By Anthony Mendicino
Students headed to Vrijte University in Amsterdam for a lecture from professor Jolien Arendsen, who studies media in the Netherlands.
Arendsen, a former student at Vrijte, has taught communication science at the school for six years.
She began her presentation by reviewing the similarities and differences between the protections in the U.S. Constitution and the constitution of the Netherlands as it pertains to media law.
Article 7 of the Netherlansds constitution states, “No one shall require prior permission to publish thoughts or opinions throught the press, without prejudice to the responsibility of every person under the law.”
“It’s very public focused,” she said of the Netherland’s constitution. “You can basically do whatever you want.”
Like the U.S. there have been significant changes to the Netherlands media law over time. Different laws have emerged to accommodate the changing ways media are consumed and disseminated throughout the country.
“The left wing media became a topic,” Arendsen said.
Like in the United States, a perceived bias in the media, mainly television media, became an area of concern for the Dutch. Arendsen and her peers conducted a study comparing different media outlets and their political leanings.
“They’re all the same really, there’s no real right wing or left wing agenda,” Arendsen said of the findings.
She then moved on to the ever-changing landscape of the average media consumer and how that affects the way media is dispersed. For example, like the United States, television news is by far the most popular, and the most bias.
Newspapers, on the other hand, are on the decline internationally.
“They have to change something because there is no money [in advertising revenue] left,” Arendsen said “Young people don’t use media in paper form – at all.”
TV remains important, but among younger generations TV’s impact is on the decline. With that decline comes the obvious decay of TV advertising money.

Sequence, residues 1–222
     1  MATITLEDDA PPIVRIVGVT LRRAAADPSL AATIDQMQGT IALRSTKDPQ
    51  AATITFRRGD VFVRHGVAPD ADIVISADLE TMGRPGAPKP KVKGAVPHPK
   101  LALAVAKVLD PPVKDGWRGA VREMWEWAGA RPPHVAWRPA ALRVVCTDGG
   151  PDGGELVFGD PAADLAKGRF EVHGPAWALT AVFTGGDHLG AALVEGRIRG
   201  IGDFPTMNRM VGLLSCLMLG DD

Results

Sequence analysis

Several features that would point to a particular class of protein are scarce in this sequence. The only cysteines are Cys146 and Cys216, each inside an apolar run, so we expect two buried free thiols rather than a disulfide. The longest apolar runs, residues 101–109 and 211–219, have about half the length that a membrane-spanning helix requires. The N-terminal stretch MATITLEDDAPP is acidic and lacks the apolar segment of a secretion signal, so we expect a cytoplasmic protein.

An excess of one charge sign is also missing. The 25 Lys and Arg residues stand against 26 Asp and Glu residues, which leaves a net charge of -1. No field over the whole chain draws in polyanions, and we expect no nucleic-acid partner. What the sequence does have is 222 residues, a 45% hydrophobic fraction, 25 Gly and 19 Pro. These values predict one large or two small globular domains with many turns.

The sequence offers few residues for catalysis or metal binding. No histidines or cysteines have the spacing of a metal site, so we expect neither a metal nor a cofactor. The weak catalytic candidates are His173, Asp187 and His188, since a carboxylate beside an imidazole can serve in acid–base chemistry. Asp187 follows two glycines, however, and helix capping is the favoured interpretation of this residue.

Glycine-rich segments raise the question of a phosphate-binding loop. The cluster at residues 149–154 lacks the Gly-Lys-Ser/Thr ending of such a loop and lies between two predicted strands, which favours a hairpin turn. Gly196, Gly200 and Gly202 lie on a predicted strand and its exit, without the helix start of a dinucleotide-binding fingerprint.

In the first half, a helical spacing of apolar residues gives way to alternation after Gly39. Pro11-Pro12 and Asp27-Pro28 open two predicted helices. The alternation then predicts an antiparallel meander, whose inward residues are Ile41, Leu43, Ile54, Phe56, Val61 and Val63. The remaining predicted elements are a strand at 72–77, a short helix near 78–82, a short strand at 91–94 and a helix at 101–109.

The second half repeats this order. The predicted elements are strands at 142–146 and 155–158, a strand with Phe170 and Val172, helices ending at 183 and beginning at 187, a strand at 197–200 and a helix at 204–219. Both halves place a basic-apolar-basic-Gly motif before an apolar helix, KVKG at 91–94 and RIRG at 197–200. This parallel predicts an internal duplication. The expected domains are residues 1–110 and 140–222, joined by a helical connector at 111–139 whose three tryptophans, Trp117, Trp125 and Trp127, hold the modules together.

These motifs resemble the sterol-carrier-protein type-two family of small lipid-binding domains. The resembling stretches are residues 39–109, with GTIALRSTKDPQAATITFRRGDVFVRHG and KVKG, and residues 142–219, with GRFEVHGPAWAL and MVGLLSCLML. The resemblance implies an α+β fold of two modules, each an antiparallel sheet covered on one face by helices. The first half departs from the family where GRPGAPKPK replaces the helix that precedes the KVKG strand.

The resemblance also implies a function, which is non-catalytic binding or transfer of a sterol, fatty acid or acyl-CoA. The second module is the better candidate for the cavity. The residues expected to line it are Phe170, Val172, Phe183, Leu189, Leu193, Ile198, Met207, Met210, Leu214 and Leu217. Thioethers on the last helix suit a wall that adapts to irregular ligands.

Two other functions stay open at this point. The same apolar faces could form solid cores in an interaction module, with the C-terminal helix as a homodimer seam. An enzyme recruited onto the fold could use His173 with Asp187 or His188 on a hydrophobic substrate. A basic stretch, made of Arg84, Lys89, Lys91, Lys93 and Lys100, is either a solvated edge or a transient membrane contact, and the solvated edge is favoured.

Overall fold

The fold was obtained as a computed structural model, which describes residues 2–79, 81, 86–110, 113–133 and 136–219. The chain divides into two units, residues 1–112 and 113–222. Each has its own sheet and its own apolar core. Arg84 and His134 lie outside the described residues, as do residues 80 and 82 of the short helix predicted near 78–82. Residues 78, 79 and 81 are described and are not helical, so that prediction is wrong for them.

“Advertising income will fall at some point, it will happen. They [advertisers] will abandon T.V. at some point,” Arendsen said.
Perhaps the largest finding was the extent to which the internet impacts the “new news consumer,” A.K.A. anyone under 30. That demographic pays less attention to “hard news” and more attention to other types of stories like human interest and feature stories.
Media companies in the Netherlands thought “citizen journalism” would be the answer to the numerous problems facing the media. Considering the impact of social media on younger generations crowdsourcing news seemed like a good idea.
All the tenets of journalism still apply with crowd-sourced news. This theory was tested during a project that focused on the reporting of issues in low-income areas of the Netherlands. Instead of sending journalists, citizen reporters were assigned to cover the areas.
“We are crowd-sourcing, but then it has to be right. It has to be sourced properly,” Arendsen said.
The problems remained despite the tries at “citizen journalism,” leaving the million-dollar question of how to pay for good journalism unanswered.
“The pay wall is a new thing,” Arendsen said. “I go to read an article from De Volkskrant and go, ‘Ah! I can’t read it.’ Then I usually don’t end up reading it.”
Pay walls are just one way news outlets are trying to escape the mass exodus of money within the industry.
But where some see loss, some see opportunity.
An app named Blendle has emerged out of the Netherlands to bridge that gap.
Blendle is essentially a news aggregator that collects articles from sources and provides a pay-per-article service.
Arendsen commended the company on thinking outside the box and trying something new in a realm dominated by older formats.
She told the students that the question of how to pay for journalism would linger on into the future.